A continuity test is a check to see if the wires conduct electricity. On a conventional fire alarm circuit, the panel automatically checks continuity. We call this supervising the wires.
The best way to check a circuit is to perform an official test of the devices on a completed fire alarm system. Remember, in order for all the devices work, the wires have to be complete (have continuity) between the panel and the devices.
However, before the system is complete, checking the continuity of the wires of a fire alarm circuit is difficult because the devices are not attached. Once the system is completely installed, using an ohmmeter to check the continuity of the wires is redundant because the panel is already checking continuity of the wires.
Another way of of looking at it is, If there are not any troubles at all showing on the panel, then using its supervision, the panel is saying that the wires have proper continuity.
The Panel's Supervision - the Panel Checking Continuity
Using the panel to check for supervision is the best way to check the continuity of the wires, and the panel will do this test automatically.
- In a Class B conventional input or conventional Class B output building circuit, one that has an end of line resistor, the panel automatically supervises the wire by checking continuity. If a wire comes loose, or breaks, the wire is not continuous, and the panel shows a trouble on the circuit.
- In a Class A conventional input or conventional Class A output building circuit, one that has an end of line resistor, the panel automatically supervises the wire exactly the same way as it supervises a Class B circuit. The exception is only on the location of the end of line resistor. The end of line resistor is located inside the panel. The end of the Class A circuit is located inside the panel so that, if the panel detects an open wire on the circuit, the panel can automatically connect both ends of the circuit together, and make two unsupervised circuits.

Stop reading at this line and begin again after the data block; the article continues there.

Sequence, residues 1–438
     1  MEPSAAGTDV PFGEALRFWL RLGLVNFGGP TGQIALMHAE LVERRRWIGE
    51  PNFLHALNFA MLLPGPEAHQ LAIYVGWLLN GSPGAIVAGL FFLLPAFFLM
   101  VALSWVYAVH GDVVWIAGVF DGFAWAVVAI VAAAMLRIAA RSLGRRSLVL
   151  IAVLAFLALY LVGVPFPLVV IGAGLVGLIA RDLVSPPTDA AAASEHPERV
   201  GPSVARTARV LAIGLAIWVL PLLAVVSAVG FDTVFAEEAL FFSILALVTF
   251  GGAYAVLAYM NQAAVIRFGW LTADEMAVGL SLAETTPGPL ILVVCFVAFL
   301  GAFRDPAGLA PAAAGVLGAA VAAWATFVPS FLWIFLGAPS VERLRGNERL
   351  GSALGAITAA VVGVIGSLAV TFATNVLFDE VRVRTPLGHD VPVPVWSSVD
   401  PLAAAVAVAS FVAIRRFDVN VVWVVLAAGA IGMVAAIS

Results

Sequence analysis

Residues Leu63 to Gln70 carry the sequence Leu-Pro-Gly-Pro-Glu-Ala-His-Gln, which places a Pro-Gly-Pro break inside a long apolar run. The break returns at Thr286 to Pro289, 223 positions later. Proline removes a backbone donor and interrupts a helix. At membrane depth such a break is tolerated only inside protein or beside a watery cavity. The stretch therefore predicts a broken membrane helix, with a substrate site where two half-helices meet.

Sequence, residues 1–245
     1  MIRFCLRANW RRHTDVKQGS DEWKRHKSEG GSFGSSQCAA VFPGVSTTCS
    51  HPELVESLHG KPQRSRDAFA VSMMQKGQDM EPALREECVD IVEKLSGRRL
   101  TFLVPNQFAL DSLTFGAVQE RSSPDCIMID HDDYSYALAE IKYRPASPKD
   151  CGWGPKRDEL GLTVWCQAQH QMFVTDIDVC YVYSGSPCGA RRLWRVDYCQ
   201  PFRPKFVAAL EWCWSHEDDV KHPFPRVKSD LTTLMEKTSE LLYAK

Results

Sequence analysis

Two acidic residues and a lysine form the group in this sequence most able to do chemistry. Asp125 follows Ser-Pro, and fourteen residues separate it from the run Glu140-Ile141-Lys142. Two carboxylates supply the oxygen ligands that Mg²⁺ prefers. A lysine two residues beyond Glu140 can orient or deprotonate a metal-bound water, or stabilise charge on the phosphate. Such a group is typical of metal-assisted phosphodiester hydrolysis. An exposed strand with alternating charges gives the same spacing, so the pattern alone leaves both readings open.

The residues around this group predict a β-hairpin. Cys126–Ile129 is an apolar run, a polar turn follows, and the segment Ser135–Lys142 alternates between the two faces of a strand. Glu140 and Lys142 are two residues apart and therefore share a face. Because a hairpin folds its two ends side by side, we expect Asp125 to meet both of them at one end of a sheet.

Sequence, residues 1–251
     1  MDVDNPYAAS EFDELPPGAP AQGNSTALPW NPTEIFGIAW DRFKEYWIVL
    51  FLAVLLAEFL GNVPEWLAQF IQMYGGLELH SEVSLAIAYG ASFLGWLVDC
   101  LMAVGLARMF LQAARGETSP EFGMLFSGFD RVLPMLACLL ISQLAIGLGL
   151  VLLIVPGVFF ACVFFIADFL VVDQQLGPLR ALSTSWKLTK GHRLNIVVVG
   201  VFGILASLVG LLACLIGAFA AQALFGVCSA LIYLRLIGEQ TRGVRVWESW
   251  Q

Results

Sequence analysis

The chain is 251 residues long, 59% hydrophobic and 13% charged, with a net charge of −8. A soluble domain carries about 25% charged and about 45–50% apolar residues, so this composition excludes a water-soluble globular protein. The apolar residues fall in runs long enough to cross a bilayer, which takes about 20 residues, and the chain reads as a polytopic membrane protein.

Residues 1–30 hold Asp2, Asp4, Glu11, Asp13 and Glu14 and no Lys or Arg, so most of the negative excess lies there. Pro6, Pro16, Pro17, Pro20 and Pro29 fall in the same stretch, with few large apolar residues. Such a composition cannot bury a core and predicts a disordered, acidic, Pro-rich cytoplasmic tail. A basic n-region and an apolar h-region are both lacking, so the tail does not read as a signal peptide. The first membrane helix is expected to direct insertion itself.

- In a Class B addressable building circuit, one that has addressable input and output detectors and modules attached to it, the panel automatically supervises the devices and modules. If all the detectors and modules are OK and communicating with the panel, the wires are continuous between the panel and the devices.
- In a Class A addressable building circuit, the panel also supervises the devices like a Class B addressable circuit, but will also supervise the wires themselves in a similar method to a Class B conventional circuit.
Checking the Continuity of a Wire in a Fire Alarm Circuit
It's not easy to use an ohmmeter directly to check the wires for continuity in a building wide circuit; the circuit has to be complete, but the panel cannot be attached to the circuit because it will invalidate the readings on the ohmmeter.
Sometimes, when the devices in the field are attached to the circuit, the devices will cause invalid readings.
Instead of checking the continuity of wires, check the results.
Measure the Voltage at the Panel
When a panel is powered on, it is providing a voltage to the supervised circuits in the building. Commonly, the supervised circuits are the Initiating Device Circuit (IDC)
, the Notification Appliance Circuit (NAC)
, and the Signaling Line Circuit (SLC)